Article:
The first() function can be passed an array of promises, or multiple promises as individual arguments, and first() will return a new promise that represents the completed value when the first promise is fulfilled. This allows you to run multiple asynchronous actions and get the first result. For example:

response = first(requestToMainSite, requestToMirrorSite1, requestToMirrorSite2);
    // response from the first site to respond


result = require("promised-io/promise").seq(arrayOfActionFunctions, startingValue);

The seq() function can be passed an array of functions, and seq() will execute each function in sequence, waiting for the promise returned from each one to complete before executing the next function. Each function will be called with the result of the last function (or the startingValue for the first function).


resultPromise = require("promised-io/promise").whenPromise(valueOrPromise, fulfillmentHandler, errorHandler);

The whenPromise() function behaves exactly like when() except that whenPromise will always return a promise, even if a non-promise value is passed in.


group = require("promised-io/promise").allKeys(hashOfPromises);

Takes a hash of promises and returns a promise that is fulfilled once all the promises in the hash keys are fulfilled.


This module provides promise-based access to the filesystem. The API of the fs module basically follows the Node File System module API. Each of the asynchronous functions in the Node's FS API is reflected with a corresponding function in the fs module that returns a promise (instead of requiring a callback argument in the initial call). For example, where Node has fs.rename(path1, path2, [callback]), with promised-io you would call it:

var fs = require("promised-io/fs");
fs.rename(path1, path2).then(function(){
    // finished renaming

Any callback arguments will be the same minus the error argument:

var fs = require("promised-io/fs");
    // use the result
}, function(error) {
    // Handle errors here instead

One function that does differ from NodeJS's fs module is the open() function.


var file = require("promised-io/fs").open(path, mode);

The open() function differs from simply being a promise-based version of the Node's open() function in that it immediately returns (even though the opening of the file is asynchronous) a file object that be used to read from and write to the file.

To write to the file object, we can write:

promiseForCompletion = file.write(contents, options, encoding);

To close the file object, we can write:

promiseForCompletion = file.close();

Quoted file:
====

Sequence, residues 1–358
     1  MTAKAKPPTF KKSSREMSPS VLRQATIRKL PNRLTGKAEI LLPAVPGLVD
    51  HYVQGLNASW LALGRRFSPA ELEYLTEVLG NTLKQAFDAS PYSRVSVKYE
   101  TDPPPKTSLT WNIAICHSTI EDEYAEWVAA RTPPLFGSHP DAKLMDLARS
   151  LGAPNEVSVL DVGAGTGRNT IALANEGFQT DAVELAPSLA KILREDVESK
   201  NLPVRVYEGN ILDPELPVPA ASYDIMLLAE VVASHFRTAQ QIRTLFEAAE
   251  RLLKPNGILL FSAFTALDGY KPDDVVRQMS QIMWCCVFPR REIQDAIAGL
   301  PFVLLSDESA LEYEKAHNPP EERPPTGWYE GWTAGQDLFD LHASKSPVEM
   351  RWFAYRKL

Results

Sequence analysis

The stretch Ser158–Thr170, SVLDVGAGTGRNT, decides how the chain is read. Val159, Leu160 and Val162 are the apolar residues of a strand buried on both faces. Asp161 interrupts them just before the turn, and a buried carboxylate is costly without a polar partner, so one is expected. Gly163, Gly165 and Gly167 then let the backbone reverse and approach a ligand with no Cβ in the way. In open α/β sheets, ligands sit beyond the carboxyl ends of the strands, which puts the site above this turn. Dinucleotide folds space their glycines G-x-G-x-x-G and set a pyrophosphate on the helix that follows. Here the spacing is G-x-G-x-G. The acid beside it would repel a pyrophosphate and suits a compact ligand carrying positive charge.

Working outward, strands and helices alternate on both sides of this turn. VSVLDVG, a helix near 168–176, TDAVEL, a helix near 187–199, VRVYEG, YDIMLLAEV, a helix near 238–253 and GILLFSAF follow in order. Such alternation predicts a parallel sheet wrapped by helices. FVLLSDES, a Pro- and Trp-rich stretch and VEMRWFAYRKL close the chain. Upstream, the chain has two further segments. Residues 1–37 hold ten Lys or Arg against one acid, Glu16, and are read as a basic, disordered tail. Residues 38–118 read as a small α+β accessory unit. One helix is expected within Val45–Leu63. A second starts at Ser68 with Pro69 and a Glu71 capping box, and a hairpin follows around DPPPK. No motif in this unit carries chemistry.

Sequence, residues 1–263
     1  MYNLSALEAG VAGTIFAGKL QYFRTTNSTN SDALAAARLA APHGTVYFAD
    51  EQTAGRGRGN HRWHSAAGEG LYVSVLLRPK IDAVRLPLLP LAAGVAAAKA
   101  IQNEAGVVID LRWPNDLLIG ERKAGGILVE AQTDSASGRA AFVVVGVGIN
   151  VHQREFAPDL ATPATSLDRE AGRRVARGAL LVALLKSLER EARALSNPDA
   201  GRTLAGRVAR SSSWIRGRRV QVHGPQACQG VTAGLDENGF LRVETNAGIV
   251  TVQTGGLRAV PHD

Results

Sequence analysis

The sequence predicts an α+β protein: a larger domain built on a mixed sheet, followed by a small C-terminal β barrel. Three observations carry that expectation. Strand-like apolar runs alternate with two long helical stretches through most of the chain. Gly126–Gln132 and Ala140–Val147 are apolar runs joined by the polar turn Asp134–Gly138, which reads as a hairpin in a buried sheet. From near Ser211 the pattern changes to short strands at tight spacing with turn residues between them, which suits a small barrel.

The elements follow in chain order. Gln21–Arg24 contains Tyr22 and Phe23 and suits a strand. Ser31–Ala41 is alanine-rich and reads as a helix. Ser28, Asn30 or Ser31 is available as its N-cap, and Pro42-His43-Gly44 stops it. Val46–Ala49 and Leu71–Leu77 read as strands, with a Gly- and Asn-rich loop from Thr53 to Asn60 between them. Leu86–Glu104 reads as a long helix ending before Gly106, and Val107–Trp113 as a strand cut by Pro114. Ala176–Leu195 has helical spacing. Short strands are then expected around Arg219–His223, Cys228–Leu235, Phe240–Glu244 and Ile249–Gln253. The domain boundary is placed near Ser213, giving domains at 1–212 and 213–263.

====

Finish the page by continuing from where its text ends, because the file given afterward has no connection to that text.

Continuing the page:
We can also use file.writeSync and file.closeSync for the synchronous versions of these functions.

The file object is also a lazy array, which means you can read from the file using standard array methods. To asynchronously read the contents of a file, you can do:

    // called for each chunk of the file until the end of the file is reached.


The lazy-array module provides the functionality for creating and using lazy arrays, which are objects that implement the interface of the standard iterative array methods for accessing streams of data. Array methods can be called and they will be asynchronously executed as data is available. Lazy arrays are powerful way to model asynchronous streams since they can used like other JavaScript arrays.

Typically you don't need to directly use this module, rather other IO modules like the file system (fs) and HTTP (http-client) modules provide lazy arrays that you can interact with. For example, we could search through a file for the string "lazy" and stop reading once we find it using the standard some() method:

    return chunk.toString().indexOf("lazy") > -1;

Lazy arrays include the follow standard array methods, providing access to the data as the stream data becomes available:

  • forEach
  • concat

Additional iterative methods can also access data as it available and as it is requested from the returned lazy array. This means that in order for this function to be excuted, the resulting array should have a forEach (or any of the other standard methods) called on it to trigger the request for data. These methods follow this behavior:

  • filter
  • every
  • some
  • map

And also these standard methods, although these must fully fetch the stream:

  • join
  • sort
  • reverse

Also the following additional methods are available on lazy arrays:

  • toRealArray() - This will fetch all the data and return it as a real JavaScript array.
  • get(index) - This retrieves an element by index.


lazyArray = require("promised-io/lazy-array").LazyArray({
    some: someImplementation,
    length: arrayLength

This function is a constructor for creating your own lazy arrays. With this function, you don't need to implement the entire set of array methods, you can just implement the some() method and provide an array length, if it is known.


first = require("promised-io/lazy-array").first(lazyArray);

This function returns the first element in a lazy array.


last = require("promised-io/lazy-array").last(lazyArray);

This function returns the last element in a lazy array.


item = require("promised-io/lazy-array").get(index);

This function returns an element by index from a lazy array.


This module provides convenient promise-based access to making HTTP requests.

Promised-IO is part of the Persevere project, and therefore is licensed under the AFL or BSD license. The Persevere project is administered under the Dojo foundation, and all contributions require a Dojo CLA.